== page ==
The American Hero18 min read

by Jillian Diffenderfer with David Landon and Dr. Michael Myers
The American Hero<span class="wtr-time-wrap after-title"><span class="wtr-time-number">18</span> min read</span>
Reading Time: 13 minutes

If you’ve been online lately, you’ve seen the conversations, advertisements, and excitement over the latest installment of the Marvel Cinematic Universe. With domestic box office totals at $6,869,613,146 and an average of $343,480,657 per movie at the time of this post, it certainly seems like America loves her heroes.

But that love is for the heroes in the cinematic world. What of our real world? What heroes do we celebrate? What is happening to America’s perspective of those we once revered as heroes?

If you ask an American to name some American heroes, you might hear some names like George Washington, Thomas Jefferson, Abraham Lincoln, Benjamin Franklin, Martin Luther King Jr., Harriett Tubman, John F. Kennedy, Paul Revere, Ronald Reagan, and others. In recent years, with the help of advances in technology, the exchange of information has led to the rise of the dilution of facts and the dismantling of truth. “Fake News,” it is called. And America’s heroes have not been exempted from it.

What is a hero?

Webster's 1828 Dictionary lays on a table in a classroom at Dayspring Christian Academy.

Webster’s 1828 Dictionary contains the foundation of America’s heritage and principal beliefs. It is contemporary with the American Constitution.

Noah Webster’s American Dictionary of the English Language defined a hero as “a man of distinguished valor, a great, illustrious, or extraordinary person.” As for valor, Webster defined it as “strength of mind in regard to danger; that quality which enables a man to encounter danger with firmness; personal bravery; courage; intrepidity; prowess.” Extraordinary, Webster defined as “special; particular; sent for a special purpose, or on a particular occasion.”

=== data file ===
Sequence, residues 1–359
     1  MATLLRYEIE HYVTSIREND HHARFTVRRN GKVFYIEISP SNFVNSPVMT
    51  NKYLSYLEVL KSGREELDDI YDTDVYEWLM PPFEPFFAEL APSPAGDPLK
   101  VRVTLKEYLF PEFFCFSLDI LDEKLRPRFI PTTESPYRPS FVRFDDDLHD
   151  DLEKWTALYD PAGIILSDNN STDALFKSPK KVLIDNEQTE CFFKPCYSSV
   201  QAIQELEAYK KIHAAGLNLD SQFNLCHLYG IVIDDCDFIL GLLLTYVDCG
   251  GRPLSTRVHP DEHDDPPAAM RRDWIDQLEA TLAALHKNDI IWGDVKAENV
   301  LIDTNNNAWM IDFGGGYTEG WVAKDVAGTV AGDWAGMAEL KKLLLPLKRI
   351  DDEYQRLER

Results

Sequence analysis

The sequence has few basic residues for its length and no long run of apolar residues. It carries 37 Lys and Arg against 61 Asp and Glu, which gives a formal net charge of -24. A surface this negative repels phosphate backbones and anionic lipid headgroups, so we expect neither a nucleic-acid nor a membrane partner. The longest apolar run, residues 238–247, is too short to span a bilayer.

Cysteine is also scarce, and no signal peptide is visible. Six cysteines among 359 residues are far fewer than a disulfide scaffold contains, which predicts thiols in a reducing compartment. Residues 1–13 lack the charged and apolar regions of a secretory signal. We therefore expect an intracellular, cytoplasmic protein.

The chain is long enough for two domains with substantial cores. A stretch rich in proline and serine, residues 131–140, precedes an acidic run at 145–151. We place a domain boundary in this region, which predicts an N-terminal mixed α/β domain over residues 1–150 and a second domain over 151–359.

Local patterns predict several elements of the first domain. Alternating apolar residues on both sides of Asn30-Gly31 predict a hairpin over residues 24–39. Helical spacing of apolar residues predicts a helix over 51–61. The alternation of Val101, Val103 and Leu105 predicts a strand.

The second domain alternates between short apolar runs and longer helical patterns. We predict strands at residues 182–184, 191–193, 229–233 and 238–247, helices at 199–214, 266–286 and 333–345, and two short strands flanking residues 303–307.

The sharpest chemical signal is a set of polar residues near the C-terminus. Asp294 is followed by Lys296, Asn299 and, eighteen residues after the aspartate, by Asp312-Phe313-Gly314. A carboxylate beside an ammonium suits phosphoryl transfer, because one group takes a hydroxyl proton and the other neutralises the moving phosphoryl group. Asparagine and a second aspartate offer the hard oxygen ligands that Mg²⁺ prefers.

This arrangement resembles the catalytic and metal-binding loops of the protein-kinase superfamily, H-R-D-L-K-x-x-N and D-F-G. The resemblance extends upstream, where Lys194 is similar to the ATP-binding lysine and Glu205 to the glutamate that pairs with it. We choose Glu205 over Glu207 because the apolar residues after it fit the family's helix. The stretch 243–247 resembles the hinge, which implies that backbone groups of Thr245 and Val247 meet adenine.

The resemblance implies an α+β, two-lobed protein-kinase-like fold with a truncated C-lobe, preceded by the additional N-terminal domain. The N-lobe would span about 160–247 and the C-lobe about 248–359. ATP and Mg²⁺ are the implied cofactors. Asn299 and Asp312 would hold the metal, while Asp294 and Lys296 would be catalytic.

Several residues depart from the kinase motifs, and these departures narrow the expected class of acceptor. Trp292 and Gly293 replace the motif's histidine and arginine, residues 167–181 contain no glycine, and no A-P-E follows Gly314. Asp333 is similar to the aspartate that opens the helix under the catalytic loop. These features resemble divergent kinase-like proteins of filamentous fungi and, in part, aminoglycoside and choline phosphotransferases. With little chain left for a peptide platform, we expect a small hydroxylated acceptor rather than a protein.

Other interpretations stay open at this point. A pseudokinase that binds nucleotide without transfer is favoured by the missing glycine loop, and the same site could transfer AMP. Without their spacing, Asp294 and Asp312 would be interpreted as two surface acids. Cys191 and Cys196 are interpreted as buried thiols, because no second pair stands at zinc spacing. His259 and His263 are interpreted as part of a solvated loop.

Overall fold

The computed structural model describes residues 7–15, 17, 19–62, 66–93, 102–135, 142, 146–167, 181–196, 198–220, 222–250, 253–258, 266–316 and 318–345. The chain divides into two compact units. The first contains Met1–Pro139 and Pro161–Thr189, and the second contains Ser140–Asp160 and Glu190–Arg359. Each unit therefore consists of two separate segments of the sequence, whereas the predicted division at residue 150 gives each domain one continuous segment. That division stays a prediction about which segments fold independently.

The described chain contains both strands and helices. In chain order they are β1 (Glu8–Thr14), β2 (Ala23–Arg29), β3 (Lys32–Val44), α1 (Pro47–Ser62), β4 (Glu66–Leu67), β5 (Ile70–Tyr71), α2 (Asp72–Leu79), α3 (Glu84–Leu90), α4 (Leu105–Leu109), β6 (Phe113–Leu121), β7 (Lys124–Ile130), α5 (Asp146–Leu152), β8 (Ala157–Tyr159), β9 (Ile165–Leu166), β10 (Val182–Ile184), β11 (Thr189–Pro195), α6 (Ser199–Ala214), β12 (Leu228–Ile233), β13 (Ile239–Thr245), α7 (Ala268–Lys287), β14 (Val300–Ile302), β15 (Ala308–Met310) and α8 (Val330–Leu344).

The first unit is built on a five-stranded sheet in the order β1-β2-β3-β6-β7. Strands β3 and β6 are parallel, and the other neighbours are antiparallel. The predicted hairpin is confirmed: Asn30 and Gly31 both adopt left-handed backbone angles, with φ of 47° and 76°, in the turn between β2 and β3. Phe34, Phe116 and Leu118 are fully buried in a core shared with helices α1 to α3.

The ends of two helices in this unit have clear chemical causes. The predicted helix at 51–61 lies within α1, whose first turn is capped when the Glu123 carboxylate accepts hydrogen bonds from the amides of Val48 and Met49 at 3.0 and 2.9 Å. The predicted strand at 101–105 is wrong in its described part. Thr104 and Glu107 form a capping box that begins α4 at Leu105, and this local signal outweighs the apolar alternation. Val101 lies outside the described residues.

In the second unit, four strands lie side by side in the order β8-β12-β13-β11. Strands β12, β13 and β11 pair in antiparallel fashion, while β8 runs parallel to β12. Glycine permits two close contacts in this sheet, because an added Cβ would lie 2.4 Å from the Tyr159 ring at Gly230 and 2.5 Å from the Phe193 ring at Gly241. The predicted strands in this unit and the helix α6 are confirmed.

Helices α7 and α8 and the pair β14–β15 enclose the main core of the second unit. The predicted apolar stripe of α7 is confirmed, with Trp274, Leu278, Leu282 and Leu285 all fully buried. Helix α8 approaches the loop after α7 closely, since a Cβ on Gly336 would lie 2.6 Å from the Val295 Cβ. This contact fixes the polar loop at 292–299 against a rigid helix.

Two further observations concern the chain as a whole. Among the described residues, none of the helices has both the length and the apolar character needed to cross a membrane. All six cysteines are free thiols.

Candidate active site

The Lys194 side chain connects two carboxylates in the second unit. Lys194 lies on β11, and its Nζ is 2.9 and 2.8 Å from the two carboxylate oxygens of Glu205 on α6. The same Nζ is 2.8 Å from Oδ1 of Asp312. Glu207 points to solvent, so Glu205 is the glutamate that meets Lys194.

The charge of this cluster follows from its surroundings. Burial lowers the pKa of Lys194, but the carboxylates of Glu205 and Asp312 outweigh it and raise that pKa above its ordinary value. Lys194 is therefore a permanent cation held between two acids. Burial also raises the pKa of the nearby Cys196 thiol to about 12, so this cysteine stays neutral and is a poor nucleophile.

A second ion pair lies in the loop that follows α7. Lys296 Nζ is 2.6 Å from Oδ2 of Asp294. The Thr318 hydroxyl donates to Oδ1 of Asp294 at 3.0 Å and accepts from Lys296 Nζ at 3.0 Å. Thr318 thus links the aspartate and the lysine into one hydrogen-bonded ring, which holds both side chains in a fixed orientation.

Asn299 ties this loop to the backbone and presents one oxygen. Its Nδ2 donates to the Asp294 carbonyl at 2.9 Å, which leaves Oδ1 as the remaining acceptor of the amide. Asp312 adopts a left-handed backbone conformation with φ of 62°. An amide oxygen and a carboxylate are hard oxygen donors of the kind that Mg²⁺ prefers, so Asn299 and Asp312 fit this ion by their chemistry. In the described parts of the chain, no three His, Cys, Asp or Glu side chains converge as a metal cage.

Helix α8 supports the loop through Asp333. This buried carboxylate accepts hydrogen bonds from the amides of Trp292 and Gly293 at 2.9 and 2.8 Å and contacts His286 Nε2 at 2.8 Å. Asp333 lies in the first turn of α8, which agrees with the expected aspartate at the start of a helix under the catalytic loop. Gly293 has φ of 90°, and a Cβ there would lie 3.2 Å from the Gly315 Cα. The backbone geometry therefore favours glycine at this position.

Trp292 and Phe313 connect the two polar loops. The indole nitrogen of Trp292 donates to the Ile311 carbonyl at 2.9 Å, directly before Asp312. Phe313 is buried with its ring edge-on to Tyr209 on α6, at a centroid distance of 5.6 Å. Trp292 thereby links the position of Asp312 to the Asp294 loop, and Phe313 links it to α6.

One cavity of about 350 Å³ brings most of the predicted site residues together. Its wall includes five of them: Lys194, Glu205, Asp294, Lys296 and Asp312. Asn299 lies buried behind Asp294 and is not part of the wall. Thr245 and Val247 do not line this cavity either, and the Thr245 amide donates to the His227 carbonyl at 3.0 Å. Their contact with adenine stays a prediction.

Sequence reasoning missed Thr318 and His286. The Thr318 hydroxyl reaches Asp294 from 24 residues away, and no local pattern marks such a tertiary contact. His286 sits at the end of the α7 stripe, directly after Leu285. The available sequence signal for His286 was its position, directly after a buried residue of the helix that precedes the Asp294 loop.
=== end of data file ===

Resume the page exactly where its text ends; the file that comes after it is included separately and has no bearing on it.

When we look to America’s past, we see men and women who fit Webster’s description. Men and women who, for their particular occasion and for a special purpose, possessed strength of mind, bravery, courage, fearlessness, and gallantry. These men and women possessed character traits that shaped our nation and set her course.

What happens, though, when our heroes’ stories are not told, the facts are watered down, or someone once revered a hero is singled out to further a political agenda? Do we go along with the dismantling of a hero, or do we seek and speak the truth? Will we defend America’s heroes as passionately as we would defend our cinematic heroes?

To answer these questions, let’s look back to our roots—to the founding of our nation.

Why was America Founded?

It is no fantasy that our earliest foreparents tied their hopes, aspirations, and dreams to the glory of God and the advancement of the Christian faith. This is evident in the 1606 First Virginia Charter, The Mayflower Compact, and in the copious documents, letters, and journals that followed. The early visionaries took this seriously as evidenced by the sober words pronounced by John Winthrop, in his most famous thesis, A Model of Christian Charity, written aboard the Arbella, 1630. To prepare the passengers of the Arbella to plant a new society in an uncivilized land, Winthrop reminded them what was at stake:

“For we must consider that we shall be as a city upon a hill. The eyes of all people are upon us. So that if we shall deal falsely with our God in this work we have undertaken, and so cause him to withdraw his present help from us, we shall be made a story and a by-word through the world.”